More than 145 members of the Apgar family served in the Union Army, in at least 83 different volunteer infantry, cavalry and artillery regiments, which were raised in at least 11 different states. These men were mostly farmers, laborers and tradesmen (including coopers, printers and a miller). One was a fireman, another was a policeman, at least one was a student, and one listed his occupation as "capitalist".
These Apgar citizen soldiers ranged in age from 15 to 53 years at the time they enlisted. However, most were between 18 and 22 years old. (Like other wars, the American Civil War was started by older men and fought mostly by young men.) The majority of Apgars served as privates, but there were at least 12 corporals, 7 sergeants, 3 lieutenants, 2 captains (one received a brevet as major), and a lieutenant colonel (with a brevet as brigadier general).
Apgars participated in virtually every major campaign of the war. They fought in all of the big battles, from First Bull Run to Appomattox. Apgars were among the casualties at Gaines Mill, Antietam, Stones River, Chancellorsville, Chicamaugua, the Wilderness, Spottsylvania, Cold Harbor, Petersburg, Hatcher”s Run and Nashville. They also participated in the defeats at Fredericksburg and Second Bull Run and in the victories at Shiloh, Gettysburg, Vicksburg, Atlanta, Wilmington, Bentonville, and Mobile.
The family paid a heavy price in the war. At least 10 Apgars were killed or died of wounds, 17 were wounded (3 of them twice, one later killed in action), 6 were severely injured in the line of duty (and 2 of these died shortly afterwards as a result), 8 died of disease, 13 were POWs, 6 were transferred to the "Invalid Corps", and at least 17 were discharged for disability. More than half of theses Apgar soldiers (or their dependent widows or parents) applied for pensions due to death or disabilities resulting from their military service.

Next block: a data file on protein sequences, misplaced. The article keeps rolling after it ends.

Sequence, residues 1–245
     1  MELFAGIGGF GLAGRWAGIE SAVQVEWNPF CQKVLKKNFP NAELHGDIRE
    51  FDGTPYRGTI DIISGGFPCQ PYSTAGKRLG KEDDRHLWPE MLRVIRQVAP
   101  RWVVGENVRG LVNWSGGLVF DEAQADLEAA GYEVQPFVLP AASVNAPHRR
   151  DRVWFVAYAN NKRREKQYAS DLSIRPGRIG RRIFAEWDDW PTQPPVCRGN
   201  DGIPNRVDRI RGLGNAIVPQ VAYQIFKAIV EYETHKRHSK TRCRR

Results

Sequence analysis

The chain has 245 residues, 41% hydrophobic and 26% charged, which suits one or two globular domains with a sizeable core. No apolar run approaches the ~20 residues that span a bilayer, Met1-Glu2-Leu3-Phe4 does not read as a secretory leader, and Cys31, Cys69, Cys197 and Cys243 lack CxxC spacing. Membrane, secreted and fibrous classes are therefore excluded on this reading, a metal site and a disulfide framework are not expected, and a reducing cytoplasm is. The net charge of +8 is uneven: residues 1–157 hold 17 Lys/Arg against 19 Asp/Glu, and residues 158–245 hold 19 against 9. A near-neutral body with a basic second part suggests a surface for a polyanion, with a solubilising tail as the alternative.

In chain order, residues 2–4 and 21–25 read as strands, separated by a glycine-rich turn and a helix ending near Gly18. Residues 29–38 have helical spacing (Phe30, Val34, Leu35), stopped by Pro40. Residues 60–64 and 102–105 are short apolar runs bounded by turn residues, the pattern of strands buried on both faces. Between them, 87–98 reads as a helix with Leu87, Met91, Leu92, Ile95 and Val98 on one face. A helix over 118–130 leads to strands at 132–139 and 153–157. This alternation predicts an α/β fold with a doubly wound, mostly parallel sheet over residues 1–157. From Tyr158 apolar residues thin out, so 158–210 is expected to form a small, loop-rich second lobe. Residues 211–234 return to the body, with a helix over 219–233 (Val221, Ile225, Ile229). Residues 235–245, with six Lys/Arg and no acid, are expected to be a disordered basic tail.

A list of Apgars who served during the war, which is continuously being revised, is posted on the web site. It includes the soldiers” names, their Apgar family identification numbers, their ranks, and the units in which they served. The list also includes the only identified female (a 14-year old hospital nurse/laundress who married a wounded soldier patient) and a former Confederate soldier who defected at the end of the war and later married into the Apgar family. There is also a list of Apgar casualties.
These Apgars helped to win the war, preserving the Union and ridding the nation of slavery. Their sacrifices, as well as the difficult burdens assumed by their families at home.many of whom never saw them again or had to support them when they returned sick, crippled or emotionally impaired, should be recognized and remembered by all members of the Apgar Family.
Fritz Epgert would have been immensely proud to know that a century after raising his own family in America, his descendants would play an important part in preserving the nation his children fought to establish. Apgars living today have good reason to be proud and thankful to those Apgar Civil War soldiers too!
The effort to document and describe the Civil War service of all Apgar Family members continues. The list of Apgar soldiers of the Civil War is undoubtedly incomplete (and may contain a few inaccuracies). Narratives describing the service experiences of many of these soldiers have been written and a book on Apgars in the Civil War is planned.
If you have any information to add to this story (including other soldiers, letters, diaries, photographs, family stories, service or pension records, or any other relevant material), please contact our Family Genealogist or President. We are happy to share what we know.